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Russia won’t attend PACE January session

January 11, 8:17 UTC+3

No amendments have been introduced on protecting national delegations from discrimination, the deputy speaker says

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© REUTERS/Vincent Kessler

MOSCOW, January 11. /TASS/.  Russia won’t send its delegation to the January session of the Parliamentary Assembly of the Council of Europe (PACE) as no amendments have been introduced on protecting national delegations from discrimination, Deputy State Duma Speaker Pyotr Tolstoy told TASS on Thursday.

"Russia’s delegation won’t be represented in PACE in January as the significant condition of our work there, namely the guarantees of non-discrimination of national delegations’ rights, has not been introduced in this organization’s regulations," said Tolstoy, who is in charge of international cooperation at the lower house of parliament.

"That’s why Russia’s decision to abstain from the work in PACE in the plenary format remains in force until the regulations are changed," he said. "But we have been holding and will further hold consultations with PACE’s members on this issue with the goal of convincing our colleagues that any discrimination of national delegations first and foremost harms the organization itself," Tolstoy stressed.

In comments on possibly inviting to Moscow members of PACE’s Presidential Committee after the January session to discuss further cooperation between Russia and the Council of Europe, Tolstoy said this depends on the outcome of consultations after the January session. Earlier, Leonid Slutsky, who chairs of the State Duma International Affairs Committee, spoke about the possibility of sending this invitation.

Russia and representatives of the Strasbourg-based Assembly are constantly holding dialogue, Tolstoy confirmed. However, "it’s wrong to meet just for the sake of a meeting," he noted.

"We are still trying to convince leaders of political groups, staff members of PACE’s Secretariat and others that significant changes in the organization’s work are needed," Tolstoy said, noting that many of them agree with this.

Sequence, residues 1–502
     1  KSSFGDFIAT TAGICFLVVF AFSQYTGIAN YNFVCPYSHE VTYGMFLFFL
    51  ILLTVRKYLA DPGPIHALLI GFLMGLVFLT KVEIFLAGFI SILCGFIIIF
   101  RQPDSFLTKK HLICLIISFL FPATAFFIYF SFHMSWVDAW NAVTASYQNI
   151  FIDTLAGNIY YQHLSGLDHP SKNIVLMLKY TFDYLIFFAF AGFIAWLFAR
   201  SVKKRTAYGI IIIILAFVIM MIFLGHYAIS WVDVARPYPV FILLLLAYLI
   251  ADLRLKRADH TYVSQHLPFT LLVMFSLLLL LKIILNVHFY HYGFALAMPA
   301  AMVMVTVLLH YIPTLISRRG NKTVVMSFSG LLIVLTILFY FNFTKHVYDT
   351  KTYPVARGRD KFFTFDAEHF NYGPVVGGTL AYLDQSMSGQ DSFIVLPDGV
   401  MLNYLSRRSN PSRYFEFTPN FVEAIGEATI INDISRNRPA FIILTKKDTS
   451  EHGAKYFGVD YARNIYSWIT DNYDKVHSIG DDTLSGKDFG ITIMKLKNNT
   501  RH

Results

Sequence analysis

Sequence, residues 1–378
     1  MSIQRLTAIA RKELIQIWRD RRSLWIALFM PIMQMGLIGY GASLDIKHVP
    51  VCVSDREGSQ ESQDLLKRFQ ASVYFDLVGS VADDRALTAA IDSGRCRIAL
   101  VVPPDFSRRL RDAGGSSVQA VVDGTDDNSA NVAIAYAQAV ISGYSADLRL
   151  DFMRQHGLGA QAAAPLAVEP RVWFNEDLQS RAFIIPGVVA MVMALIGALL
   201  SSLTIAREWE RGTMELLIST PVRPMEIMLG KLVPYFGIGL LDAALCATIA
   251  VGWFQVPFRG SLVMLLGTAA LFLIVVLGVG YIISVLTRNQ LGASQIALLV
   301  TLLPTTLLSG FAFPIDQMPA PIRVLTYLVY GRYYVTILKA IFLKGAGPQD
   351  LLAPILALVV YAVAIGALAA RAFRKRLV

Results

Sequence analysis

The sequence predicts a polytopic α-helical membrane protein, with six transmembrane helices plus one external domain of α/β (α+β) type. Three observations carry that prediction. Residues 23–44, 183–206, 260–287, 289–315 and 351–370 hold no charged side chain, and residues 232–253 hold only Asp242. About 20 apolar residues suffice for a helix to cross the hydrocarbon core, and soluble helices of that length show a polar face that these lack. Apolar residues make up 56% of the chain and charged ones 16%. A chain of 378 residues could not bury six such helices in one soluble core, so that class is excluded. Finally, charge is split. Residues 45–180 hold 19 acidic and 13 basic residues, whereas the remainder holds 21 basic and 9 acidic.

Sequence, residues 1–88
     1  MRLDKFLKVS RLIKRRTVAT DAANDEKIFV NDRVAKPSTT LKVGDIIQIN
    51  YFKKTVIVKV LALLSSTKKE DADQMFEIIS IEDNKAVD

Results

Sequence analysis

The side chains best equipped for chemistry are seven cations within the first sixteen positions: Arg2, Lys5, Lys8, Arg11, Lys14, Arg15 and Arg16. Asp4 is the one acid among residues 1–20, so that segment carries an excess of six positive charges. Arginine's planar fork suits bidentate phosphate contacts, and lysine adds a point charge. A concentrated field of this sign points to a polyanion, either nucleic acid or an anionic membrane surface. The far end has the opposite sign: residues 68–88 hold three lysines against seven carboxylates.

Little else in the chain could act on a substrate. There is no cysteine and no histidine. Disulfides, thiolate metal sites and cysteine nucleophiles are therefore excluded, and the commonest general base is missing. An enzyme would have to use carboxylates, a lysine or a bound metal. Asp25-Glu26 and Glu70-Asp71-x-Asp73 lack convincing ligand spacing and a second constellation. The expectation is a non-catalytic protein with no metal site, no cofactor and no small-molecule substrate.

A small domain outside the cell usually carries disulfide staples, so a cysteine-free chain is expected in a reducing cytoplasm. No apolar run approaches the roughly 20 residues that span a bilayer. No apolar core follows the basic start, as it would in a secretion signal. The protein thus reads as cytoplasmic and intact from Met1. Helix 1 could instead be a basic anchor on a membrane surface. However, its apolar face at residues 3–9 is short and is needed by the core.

Russia sees efforts in this direction of Council of Europe Secretary General Thorbjorn Jagland and also a report by leader of the Socialist Group in PACE Michele Nicoletti, who calls to harmonize the membership of the Committee of Ministers and the Parliamentary Assembly, he said.

"Let’s see the particular outcome, this will be clear only after the January session is held," Tolstoy said.

Russia and PACE

In April 2014, Russia’s delegation to PACE was stripped of its key rights, including the right to vote and take part in the assembly’s governing bodies, over the situation in Ukraine and Crimea’s reunification with Russia. The issue of restoring the rights of the Russian delegation was raised at PACE twice throughout 2015 but the sanctions are still in place. In response, Russia suspended its participation in the PACE. Russia refrained from applying for confirmation of its rights for 2016.

In late June 2017, Moscow suspended the payment of its 2017 contribution to the Council of Europe amounting to 11 mln euros until the Russian delegation’s rights were fully restored. Russia also suggested amending the assembly’s regulation introducing a provision that no one has any right to strip lawmakers of their powers, except for their voters.

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